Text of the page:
Web app finds homes for military recruiters before they arrive
Personnel at 1,400 military recruiting centers sometimes live far from the nearest Army, Navy or Air Force base.
“It lets our recruiters be a part of the community where they are working,” said John Curry, leased housing program manager for the Navy Recruiting Command. But living off-base can make housing difficult to find.
In high-rent areas, the services absorb the extra cost of off-base housing through the Government Leased Housing program. About 450 recruiters with families and another 95 singles—about 10 percent of the Navy’s recruiting force—have found housing through the program. Until 2002, it was a time-consuming paper process.
“At best, to get a sailor in a house took a month to three months,” Curry said.
Now a browser application has cut the delay by automating the application and approval process.
“A sailor can apply online, the application will go to all the appropriate links for funding and we can get it to the Corps of Engineers in hours. It’s pretty slick,” Curry said.
The Army Corps of Engineers is the leasing agent for the Army and Air Force, and it handles leased housing transactions for all recruiting commands, including the Navy. The corps can have funding approval and a selection of homes ready for inspection by the time a recruiter arrives in town.No training needed
The system required no recruiter training, said Todd Nevin, president of Momentum Systems Inc. of Arlington, Va., the developer. “It creates a virtual community” of individual recruiters, their commands and the Corps of Engineers, he said. The corps hosts the application at its Vicksburg, Miss., data center, and Momentum manages it remotely.
The foundation is the LiveLink document management system from Open Text Corp. of Waterloo, Ontario. LiveLink has a browser front end with workflow management and records management at the back end. It can open and manage documents in most formats. When a housing application is submitted online, LiveLink routes it to the appropriate command for approval, then to the appropriate Corps of Engineers district for execution.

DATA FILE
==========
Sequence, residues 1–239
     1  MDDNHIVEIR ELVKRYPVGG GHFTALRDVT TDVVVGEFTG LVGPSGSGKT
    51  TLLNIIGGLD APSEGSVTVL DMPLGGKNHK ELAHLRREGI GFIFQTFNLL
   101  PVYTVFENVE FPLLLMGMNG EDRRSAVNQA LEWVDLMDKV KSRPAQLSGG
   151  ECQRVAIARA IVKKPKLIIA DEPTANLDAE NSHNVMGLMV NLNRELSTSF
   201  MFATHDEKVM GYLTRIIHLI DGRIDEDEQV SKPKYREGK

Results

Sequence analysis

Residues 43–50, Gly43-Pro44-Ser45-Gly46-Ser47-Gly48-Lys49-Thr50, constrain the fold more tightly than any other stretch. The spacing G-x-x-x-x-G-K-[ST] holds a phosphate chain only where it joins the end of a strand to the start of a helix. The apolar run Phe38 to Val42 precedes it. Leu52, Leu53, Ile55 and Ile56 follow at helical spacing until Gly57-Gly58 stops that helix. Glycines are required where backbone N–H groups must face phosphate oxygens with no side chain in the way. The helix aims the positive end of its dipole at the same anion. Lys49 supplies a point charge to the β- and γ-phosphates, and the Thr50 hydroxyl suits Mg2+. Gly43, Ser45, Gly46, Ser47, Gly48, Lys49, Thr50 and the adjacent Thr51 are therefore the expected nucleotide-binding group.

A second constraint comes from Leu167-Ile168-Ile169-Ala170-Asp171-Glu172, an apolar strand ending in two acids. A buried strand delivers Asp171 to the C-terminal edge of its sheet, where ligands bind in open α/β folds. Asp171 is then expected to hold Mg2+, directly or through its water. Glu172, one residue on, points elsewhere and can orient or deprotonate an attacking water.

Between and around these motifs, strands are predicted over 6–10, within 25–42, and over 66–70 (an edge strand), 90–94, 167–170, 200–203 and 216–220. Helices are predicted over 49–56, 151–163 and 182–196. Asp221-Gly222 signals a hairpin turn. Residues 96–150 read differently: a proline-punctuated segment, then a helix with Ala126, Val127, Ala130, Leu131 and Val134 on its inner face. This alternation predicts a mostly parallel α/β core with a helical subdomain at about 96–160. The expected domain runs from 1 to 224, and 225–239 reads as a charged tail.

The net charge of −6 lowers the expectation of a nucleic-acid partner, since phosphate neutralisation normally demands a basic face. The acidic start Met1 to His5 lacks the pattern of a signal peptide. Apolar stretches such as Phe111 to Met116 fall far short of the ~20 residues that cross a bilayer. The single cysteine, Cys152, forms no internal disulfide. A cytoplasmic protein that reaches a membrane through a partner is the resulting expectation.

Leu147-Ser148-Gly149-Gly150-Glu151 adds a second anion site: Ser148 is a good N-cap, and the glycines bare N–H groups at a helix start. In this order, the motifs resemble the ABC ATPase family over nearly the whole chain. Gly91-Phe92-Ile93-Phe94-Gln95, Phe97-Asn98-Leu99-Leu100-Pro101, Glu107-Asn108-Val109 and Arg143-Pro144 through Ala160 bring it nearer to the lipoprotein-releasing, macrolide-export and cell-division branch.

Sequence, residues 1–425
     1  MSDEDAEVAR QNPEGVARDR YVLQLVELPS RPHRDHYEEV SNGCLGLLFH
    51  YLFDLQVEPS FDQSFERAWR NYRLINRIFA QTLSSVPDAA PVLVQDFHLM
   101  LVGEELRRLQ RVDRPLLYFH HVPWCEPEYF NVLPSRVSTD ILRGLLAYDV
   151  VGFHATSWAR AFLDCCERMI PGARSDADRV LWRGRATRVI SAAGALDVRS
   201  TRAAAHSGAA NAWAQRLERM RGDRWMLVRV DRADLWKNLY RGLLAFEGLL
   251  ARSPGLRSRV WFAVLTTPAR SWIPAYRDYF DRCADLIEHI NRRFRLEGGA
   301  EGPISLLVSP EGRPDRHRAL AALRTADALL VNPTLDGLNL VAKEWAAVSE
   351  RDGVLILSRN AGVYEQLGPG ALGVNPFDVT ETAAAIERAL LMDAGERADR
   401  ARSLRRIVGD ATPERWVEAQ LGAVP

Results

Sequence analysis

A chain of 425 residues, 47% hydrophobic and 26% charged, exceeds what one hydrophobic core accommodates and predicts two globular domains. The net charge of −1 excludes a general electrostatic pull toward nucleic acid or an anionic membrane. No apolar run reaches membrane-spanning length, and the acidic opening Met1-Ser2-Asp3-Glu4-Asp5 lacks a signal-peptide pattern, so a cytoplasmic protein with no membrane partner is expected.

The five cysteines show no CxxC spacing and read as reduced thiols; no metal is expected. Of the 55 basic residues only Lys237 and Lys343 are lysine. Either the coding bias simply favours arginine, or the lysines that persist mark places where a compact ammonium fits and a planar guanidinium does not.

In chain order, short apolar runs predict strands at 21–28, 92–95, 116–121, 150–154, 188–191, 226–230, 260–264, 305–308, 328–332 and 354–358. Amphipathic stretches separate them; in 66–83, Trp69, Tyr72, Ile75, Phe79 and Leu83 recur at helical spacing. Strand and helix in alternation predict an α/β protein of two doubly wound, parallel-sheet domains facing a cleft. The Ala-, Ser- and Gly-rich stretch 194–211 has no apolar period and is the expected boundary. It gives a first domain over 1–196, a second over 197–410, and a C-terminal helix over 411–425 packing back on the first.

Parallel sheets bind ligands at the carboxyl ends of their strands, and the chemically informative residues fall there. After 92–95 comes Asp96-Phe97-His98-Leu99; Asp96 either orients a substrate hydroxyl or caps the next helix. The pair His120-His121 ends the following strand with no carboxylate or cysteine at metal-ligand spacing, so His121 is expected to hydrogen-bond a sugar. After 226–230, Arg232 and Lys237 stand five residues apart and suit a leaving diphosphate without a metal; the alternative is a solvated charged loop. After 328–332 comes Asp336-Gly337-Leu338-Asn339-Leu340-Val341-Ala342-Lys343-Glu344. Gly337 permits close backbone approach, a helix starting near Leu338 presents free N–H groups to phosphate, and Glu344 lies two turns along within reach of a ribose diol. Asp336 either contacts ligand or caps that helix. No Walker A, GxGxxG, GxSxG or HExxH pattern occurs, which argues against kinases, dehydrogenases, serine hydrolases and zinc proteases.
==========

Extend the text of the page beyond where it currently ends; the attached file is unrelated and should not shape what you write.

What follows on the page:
The corps began using LiveLink internally in 1998 to support the Joint Recruiting Facilities Committee, which oversees recruiting stations shared by the military services. It also tracked the paper applications for the leased housing program.
“We needed to manage the status of applications with something other than spreadsheets and stubby pencils,” said Darvin Smith, the corps’ management oversight specialist in the Government Leased Housing program.Saving time, money
In 2000 the corps began working on a front end for applying online. It went live in February 2002, cutting significantly the time recruiters and their families had to wait before moving into homes in high-rent areas.
About a year after going online, “We started to automate the lease renewals and terminations, which saves us millions of dollars,” Curry said.
The Corps requires an entire year’s lease money up front. When leases ended early, “we were getting the money back at the end of the year,” Curry said. Now the accounts are managed day by day, and unused money comes back on a more timely basis. The system also tracks utility costs in near-real time.
“We were able to make business processes notify us if we were having problems” with utilities, Curry said.
The key to usability was collaboration by the military users, who understood the business needs, and the integrators, who understood the technology, Curry said.
“At the end of the day, we got what we needed,” he said. But for it to pay off, everyone must use the system, and money is the motivator.
“Every action is tied to money,” Curry said. From funding a lease to paying utility bills, “if the information isn’t in the system, the money doesn’t flow. That enforces.”
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